Finally, ready to hunt down the teacher responsible for this sad state, I talked with one of the children’s librarians at our local library. She only worked there part-time because she was full-time in a neighboring school district. When I explained the situation to her, she was as outraged as I had been. Then she sat me down and asked me what my son liked. What did he watch on TV? What games did he play? What subjects interested him? Before I knew it, I was walking out of the library with an armload of books, including a collection of manga.

My son ripped through the manga like someone who hadn’t eaten in days. The next day, he came in and asked if I’d take him to the library to get some more. Part of me rebelled. These were, after all, nothing more than glorified comic books. But he was reading. That really was all that mattered.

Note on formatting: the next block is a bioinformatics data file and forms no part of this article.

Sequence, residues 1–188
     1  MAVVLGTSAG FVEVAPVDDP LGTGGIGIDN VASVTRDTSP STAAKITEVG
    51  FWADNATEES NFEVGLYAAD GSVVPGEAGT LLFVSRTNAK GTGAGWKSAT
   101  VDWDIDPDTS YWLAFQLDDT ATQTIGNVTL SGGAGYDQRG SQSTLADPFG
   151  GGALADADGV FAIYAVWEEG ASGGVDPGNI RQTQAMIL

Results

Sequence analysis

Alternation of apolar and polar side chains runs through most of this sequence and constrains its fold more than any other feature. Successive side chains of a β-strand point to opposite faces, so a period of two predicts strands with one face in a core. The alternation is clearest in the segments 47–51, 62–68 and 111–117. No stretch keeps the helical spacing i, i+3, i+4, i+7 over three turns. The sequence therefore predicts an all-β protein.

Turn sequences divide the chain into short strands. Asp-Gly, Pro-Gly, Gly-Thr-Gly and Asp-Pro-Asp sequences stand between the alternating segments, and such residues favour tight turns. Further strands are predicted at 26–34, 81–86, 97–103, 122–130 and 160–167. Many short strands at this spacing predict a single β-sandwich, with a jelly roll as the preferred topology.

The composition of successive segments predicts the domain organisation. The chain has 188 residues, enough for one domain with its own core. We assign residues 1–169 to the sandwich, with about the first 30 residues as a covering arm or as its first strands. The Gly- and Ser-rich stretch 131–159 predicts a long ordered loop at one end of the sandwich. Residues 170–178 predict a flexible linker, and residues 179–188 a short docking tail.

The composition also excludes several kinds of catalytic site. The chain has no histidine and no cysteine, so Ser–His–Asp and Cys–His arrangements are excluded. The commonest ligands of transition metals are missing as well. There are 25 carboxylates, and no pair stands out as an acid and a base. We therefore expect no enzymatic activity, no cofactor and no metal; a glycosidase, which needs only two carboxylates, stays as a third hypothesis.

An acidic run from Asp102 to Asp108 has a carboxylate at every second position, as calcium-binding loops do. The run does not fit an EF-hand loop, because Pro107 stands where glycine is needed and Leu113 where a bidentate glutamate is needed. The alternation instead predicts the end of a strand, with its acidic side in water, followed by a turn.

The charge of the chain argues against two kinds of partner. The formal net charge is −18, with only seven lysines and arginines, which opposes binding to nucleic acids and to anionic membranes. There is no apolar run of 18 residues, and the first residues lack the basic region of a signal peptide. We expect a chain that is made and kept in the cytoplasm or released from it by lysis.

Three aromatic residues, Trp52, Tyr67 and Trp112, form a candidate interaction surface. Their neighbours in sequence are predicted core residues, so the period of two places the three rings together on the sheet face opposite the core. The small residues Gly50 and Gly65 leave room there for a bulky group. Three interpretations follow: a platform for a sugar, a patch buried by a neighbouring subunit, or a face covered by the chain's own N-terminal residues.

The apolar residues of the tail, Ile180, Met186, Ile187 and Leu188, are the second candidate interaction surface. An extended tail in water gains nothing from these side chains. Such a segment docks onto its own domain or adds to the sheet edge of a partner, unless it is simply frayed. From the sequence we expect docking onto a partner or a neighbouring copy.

So we went and before long he’d read all the manga the library had to offer and it was bringing in more through inter-library loans.

That’s when something else happened that surprised me.

As I said, I’m a reader. So, whenever I’m in the car for long, or when I know I’m going to have to wait somewhere for long, I have a book or audiobook with me. At the time, I was going through the audiobooks of Diane Mott Davidson’s “Goldy the Caterer” series. I hadn’t paid much attention to the fact that, as we’d drive to and from school, my son fell quiet after telling me what happened that day. But then, one afternoon as we drove home and there was no audiobook playing, he wanted to know why. He wanted to know what Goldy was up to. Didn’t I have another book for us to listen to?